Needed: a knowledge network of African civil society scholarship
Posted by civilsocietyindex on August 11, 2010
By Jacob M. Mati
Three separate but closely related events in the last couple of months suggest that African scholarship on many issues of development seem to still lag behind, decades after a leading Pan-Africanist and the founding president of Tanzania, Julius Nyerere called for Africans to “run while others walk” if we were to catch up in the development game. The first two of these events were professorial inaugural lectures in two different Universities and in two different continents of two African Professors and the other a workshop.
Professor Thandika Mkandawire’s inaugural lecture at DESTIN LSE on April 27th 2010, fittingly titled Running While Others Walk: Knowledge and the Challenge of Africa’s Development notes the debates on the “constant undervaluation of African research”, and the Africanists “counter-attacks”. Professor Gilbert Khadiagala’s inaugural lecture, aptly titled Ideas in African International Relations at the University of the Witwatersrand in Johannesburg South Africa on June 8th 2010, laments the dearth of autonomous ideas that can furnish direction to Africa’s international relations. He attributes this scarcity of ideas, in part, to “the absence of solid intellectual leadership around Africa.” In the third event, a joint workshop organised by Trust Africa and ISTR in Istanbul (July 6-10), ‘African’ academic and practitioner participants underscored the importance of knowledge networks’ and networked knowledge and ideas in influencing the course and contours of African scholarship on civil society. At the same time, speaker after speaker, decried the wanting state of such networking. Many concurred that networking is a necessity if we ever hope to contribute not just to knowledge on the variegated realities of the Africa civil society, but also in an effort to generate powerful networked knowledge in confronting the pigeonholed caricatures of African scholarship as well as of the African civil society itself.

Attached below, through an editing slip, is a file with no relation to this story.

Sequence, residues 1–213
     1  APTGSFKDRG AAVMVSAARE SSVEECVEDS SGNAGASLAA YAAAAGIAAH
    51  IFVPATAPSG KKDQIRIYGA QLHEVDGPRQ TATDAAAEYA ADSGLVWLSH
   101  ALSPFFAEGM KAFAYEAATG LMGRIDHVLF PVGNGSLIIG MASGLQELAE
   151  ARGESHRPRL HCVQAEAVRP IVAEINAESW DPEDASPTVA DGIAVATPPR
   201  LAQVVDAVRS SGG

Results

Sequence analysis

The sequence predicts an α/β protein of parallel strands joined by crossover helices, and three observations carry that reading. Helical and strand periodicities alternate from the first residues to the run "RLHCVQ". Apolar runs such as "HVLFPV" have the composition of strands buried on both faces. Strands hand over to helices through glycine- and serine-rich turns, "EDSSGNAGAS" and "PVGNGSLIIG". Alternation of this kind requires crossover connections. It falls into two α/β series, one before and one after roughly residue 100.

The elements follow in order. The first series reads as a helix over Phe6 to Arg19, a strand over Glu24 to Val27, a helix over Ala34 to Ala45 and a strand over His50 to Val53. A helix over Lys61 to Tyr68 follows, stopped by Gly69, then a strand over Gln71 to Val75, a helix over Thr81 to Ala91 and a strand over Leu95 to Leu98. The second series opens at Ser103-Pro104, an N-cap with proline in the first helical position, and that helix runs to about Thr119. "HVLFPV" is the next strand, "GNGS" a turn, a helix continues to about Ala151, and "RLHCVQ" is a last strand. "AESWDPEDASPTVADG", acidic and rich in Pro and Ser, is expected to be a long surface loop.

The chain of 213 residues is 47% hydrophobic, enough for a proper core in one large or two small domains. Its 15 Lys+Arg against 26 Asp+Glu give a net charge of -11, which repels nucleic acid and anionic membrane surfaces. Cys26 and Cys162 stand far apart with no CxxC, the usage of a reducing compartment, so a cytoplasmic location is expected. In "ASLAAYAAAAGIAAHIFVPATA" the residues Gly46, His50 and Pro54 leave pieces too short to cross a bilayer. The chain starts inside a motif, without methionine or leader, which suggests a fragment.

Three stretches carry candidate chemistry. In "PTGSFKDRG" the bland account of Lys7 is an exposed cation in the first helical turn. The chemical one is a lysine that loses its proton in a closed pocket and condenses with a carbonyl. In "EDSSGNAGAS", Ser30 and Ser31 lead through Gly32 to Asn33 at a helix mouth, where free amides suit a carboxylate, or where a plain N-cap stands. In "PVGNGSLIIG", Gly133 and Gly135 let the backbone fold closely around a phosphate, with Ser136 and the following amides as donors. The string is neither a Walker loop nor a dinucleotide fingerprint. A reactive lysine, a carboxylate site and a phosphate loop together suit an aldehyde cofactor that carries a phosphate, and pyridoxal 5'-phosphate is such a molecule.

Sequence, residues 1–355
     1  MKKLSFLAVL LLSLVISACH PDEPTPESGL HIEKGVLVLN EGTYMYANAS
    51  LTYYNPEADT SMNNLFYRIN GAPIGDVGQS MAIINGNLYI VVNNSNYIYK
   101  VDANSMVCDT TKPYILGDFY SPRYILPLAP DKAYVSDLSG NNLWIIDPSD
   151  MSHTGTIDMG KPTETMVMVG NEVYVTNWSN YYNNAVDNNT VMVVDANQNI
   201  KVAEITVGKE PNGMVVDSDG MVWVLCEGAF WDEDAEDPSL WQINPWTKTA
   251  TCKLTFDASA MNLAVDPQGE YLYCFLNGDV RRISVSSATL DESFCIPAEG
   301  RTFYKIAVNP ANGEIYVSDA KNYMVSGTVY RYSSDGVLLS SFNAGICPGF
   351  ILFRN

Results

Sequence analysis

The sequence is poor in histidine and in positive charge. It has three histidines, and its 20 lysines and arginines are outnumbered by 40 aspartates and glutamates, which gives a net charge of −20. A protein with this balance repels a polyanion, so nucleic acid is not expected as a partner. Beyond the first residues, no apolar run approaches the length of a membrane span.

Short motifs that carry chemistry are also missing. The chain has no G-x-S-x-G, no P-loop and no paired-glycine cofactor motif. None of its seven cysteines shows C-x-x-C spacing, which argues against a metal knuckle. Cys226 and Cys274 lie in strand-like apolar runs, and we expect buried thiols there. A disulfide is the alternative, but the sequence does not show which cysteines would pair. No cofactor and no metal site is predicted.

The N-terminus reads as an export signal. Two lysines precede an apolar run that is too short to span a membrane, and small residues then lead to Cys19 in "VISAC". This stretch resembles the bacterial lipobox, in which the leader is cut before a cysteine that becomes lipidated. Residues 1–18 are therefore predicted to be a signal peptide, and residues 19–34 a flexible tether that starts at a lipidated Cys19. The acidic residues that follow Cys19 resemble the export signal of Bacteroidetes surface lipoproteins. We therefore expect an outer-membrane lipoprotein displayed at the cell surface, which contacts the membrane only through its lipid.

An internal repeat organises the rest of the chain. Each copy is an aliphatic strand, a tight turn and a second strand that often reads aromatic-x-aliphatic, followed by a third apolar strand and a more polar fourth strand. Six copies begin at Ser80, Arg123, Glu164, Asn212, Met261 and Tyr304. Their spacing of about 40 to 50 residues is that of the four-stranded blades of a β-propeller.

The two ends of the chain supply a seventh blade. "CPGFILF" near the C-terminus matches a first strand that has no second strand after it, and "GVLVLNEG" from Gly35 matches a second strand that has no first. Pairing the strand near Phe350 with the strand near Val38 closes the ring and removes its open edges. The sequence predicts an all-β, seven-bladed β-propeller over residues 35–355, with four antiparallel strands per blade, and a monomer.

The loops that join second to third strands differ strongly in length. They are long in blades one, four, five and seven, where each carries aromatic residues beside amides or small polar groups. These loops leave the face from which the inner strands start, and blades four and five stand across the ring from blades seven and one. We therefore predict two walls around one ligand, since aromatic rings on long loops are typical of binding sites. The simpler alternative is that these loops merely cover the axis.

The same workshop kick-started discussions on actions needed for African civil society scholars and practitioners to come together and take forward ideas on strengthening and expanding the ISTR African regional network. A volunteer steering group – made up of Ronelle Burger, Stellenbosch University; Victor Isumonah, University of Ibadan; Jacob M. Mati, CIVICUS and the University of the Witwatersrand; Ebenezer Obadare, Kansas University; Richard Wamai, Northeastern University; and Alan Fowler, University of KwaZulu-Natal – was then constituted and is exploring various initiatives for the future. These include training, workshops, scholarly communication including publishing and a virtual library of civil society research. The idea is to expand on the capabilities and horizons of researchers and activists of African civil society as well as promote collective efforts and agendas on the continent.
Previous efforts to create such a network stalled because of limited interests from researchers on the continent. We therefore believe that if these ideas are to come to fruition, we will need the support and participation of each of us (researchers and activist) engaged in African civil society research and practice to come out of our individual cocoons and network in order to support each other in our individual and collective endeavours. If you would like to join us and share in these endeavours, please email Ronelle Burger at firstname.lastname@example.org.